Tortured the Israeli Way- What is Musa Al-Qarni’s Fate?

The “Together for Justice” team warned of the injury of the Saudi detainee, Musa Al-Qarni, whose news has been cut off from his family, except that his health is deteriorating and he reached a critical stage due to the ongoing toruture he is subjected to since his arrest more than 14 years ago.

Musa Al-Qarni, the academic dissident, was arrested on February 2, 2007 in the city of Jeddah with a number of his friends. They were accused of disobeying the ruler and plotting to overthrow the regime in what was known as the “resting” case or “Jeddah reformists.” After four years of detention, he was sentenced 20 years in prison.

Musa Al-Qarni was born in Jazan region and holds a PhD in Jurisprudence from the Islamic University. Instead of benefiting from his knowledge and moderate reformist ideas, the Saudi authorities kept him behind bars and did not respect his most basic rights.

Over the course of his continuous detention, Sheikh Musa Al-Qarni was subjected to serious violations and brutal torture, as he spent a large period of his detention in solitary confinement in a small cell without any mattresses, where the temperatures were controlled to further torture and abuse him, and he was denied from sleeping as well.

Like the Israeli prisons; he was tortured by being forced to stand or sit in a certain position for long hours. He was forced to stand on one foot for very long hours.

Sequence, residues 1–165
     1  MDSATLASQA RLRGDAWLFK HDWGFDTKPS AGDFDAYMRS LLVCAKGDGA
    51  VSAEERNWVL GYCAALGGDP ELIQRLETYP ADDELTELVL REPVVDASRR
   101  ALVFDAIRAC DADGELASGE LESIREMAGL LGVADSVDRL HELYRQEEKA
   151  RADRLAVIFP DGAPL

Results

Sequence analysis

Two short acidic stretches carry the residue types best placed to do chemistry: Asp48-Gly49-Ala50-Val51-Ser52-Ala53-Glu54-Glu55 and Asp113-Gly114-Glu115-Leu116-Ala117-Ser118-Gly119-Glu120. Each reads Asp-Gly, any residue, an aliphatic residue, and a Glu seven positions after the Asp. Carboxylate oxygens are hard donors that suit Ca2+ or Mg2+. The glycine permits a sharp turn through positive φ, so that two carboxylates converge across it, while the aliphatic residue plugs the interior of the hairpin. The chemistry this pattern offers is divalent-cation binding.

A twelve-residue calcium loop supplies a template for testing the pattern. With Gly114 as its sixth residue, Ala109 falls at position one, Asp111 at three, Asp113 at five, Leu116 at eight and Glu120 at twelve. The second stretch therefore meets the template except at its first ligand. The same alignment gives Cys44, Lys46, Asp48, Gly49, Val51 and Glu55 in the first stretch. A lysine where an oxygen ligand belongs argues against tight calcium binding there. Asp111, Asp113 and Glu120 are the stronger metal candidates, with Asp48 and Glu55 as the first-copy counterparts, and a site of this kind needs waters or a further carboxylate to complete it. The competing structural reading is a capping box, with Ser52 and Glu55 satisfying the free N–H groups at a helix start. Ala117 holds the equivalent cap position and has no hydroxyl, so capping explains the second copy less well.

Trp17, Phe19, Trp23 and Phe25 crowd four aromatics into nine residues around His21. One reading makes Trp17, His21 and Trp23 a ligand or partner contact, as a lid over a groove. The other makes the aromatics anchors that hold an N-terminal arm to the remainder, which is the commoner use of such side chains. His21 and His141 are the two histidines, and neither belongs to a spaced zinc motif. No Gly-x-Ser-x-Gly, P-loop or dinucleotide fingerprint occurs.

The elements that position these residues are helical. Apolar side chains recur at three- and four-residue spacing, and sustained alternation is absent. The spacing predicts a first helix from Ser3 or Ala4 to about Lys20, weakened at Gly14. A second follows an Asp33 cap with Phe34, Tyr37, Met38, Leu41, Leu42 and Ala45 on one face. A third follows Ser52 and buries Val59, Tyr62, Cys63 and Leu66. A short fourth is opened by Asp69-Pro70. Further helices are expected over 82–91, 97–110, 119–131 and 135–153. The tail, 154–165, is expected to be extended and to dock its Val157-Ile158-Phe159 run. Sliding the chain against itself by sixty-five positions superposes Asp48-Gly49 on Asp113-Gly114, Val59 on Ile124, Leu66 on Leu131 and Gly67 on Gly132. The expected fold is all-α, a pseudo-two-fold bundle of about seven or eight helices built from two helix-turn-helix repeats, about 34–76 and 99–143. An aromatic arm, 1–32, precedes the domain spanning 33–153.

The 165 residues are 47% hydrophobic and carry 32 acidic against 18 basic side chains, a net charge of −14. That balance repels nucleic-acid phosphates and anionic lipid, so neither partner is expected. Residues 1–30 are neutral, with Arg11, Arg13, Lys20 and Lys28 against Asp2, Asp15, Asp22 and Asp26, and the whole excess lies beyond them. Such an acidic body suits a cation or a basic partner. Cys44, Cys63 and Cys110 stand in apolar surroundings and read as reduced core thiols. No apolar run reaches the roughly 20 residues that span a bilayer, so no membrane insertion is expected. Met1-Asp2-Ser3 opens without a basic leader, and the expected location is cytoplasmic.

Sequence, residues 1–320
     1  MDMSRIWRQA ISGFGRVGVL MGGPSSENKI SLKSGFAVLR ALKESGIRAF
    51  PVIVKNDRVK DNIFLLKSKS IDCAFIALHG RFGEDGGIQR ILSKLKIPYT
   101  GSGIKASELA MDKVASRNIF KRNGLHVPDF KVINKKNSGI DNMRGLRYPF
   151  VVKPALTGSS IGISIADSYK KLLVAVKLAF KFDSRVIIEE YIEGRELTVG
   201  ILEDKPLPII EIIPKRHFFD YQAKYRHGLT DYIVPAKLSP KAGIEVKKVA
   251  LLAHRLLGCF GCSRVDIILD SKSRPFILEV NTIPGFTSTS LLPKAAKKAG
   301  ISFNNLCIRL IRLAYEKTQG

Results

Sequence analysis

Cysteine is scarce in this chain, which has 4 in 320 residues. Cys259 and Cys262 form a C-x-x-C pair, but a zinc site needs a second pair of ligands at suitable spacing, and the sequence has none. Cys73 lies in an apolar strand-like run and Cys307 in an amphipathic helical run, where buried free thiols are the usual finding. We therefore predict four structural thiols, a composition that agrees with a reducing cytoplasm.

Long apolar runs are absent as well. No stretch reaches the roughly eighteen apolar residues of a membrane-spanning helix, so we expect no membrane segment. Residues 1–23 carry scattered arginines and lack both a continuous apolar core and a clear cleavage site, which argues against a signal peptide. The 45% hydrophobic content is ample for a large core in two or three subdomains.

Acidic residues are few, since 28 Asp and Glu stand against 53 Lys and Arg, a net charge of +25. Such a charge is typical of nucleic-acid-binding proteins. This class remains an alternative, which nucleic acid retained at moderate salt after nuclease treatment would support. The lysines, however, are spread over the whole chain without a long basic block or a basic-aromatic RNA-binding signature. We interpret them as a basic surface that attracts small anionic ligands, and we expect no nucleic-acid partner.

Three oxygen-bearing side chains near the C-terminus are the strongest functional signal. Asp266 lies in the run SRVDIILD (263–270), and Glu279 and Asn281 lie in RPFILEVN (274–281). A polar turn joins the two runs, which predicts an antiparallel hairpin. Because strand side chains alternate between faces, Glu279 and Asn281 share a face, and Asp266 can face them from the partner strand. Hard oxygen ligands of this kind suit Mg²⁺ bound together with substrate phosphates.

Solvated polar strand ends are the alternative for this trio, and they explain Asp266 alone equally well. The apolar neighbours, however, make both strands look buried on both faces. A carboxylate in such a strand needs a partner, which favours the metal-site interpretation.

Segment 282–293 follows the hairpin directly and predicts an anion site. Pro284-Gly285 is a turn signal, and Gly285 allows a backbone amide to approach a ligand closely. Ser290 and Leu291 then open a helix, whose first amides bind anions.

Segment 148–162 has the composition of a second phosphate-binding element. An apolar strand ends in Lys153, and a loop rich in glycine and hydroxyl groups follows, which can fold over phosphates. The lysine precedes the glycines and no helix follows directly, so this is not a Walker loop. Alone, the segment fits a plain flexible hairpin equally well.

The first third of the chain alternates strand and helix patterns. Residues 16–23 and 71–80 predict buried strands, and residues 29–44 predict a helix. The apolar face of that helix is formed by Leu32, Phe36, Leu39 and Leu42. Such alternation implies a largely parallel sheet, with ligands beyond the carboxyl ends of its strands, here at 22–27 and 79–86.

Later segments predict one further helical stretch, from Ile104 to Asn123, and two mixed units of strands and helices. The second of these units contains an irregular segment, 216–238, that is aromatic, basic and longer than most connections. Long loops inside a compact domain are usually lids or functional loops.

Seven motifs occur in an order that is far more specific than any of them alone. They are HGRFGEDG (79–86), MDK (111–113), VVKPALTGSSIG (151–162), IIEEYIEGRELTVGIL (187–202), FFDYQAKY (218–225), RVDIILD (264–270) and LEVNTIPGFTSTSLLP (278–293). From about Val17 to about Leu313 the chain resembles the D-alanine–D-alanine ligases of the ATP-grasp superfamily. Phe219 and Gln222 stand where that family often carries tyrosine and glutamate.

He was deprived of food, or given poor quality food, in addition to depriving him of medicines, as he suffers from hypertension and diabetes.

On February 3, 2010, the trial of the group began, then the former judge “Sulaiman Al-Rashudi” was released on July 23, 2011, and on November 22, 2011, after 35 sessions, the Specialized Criminal Court ruled that all of them were convicted and imprisoned for a total of 228 years, and the Saudis banned them from traveling after the end of the prison term for the same period and deporting non-Saudis after the end of their term.

The trial that Al-Qarni was subjected to, like other trials held for Saudi dissidents and prisoners of conscience, was highly politicized, and lacked minimum standards of justice. His only crime was that he wanted to peacefully establish democracy in the country.

The case of the “rest cell” – or “Jeddah reformists” – dates back to 2007 when nine people met in the restroom of lawyer Issam Basrawi – including Dr. Saud Al-Hashemi – to discuss the project of establishing a human rights association concerned with spreading human rights awareness, which they called the public Peaceful National Assembly, but the authorities arrested all of them, and charged them for trying to bring political reform and demand the promotion of democratic principles.

Following are the names of the detainees in that unfair trial, along with the sentences handed down against them:

• Saud Mukhtar Al-Hashemi: imprisonment for 30 years and a travel ban for another 30 years, and a fine of two million riyals.

• Abdul Aziz Al-Khuraiji: Imprisonment for 22 years, a travel ban for another 20 years, and a fine of one million riyals.

• Musa Al-Qarni: Imprisonment for 20 years and a ban on travel for another 20.

• Suleiman Al-Rashudi: Imprisonment for 15 years and a travel ban for another 15.

• Abdul Rahman Khan: Imprisonment for 20 years and travel ban for another 20.

• Issam Basrawi: imprisonment for 10 years and a travel ban for another 10.

• Seif El-Din El-Sharif: imprisonment for 10 years and a travel ban for another 10.

• Fahad Al-Qurashi: imprisonment for 10 years and a travel ban for another 10.

• Abdul Rahman Al-Shamiri: imprisonment for 10 years and a travel ban for another 10.

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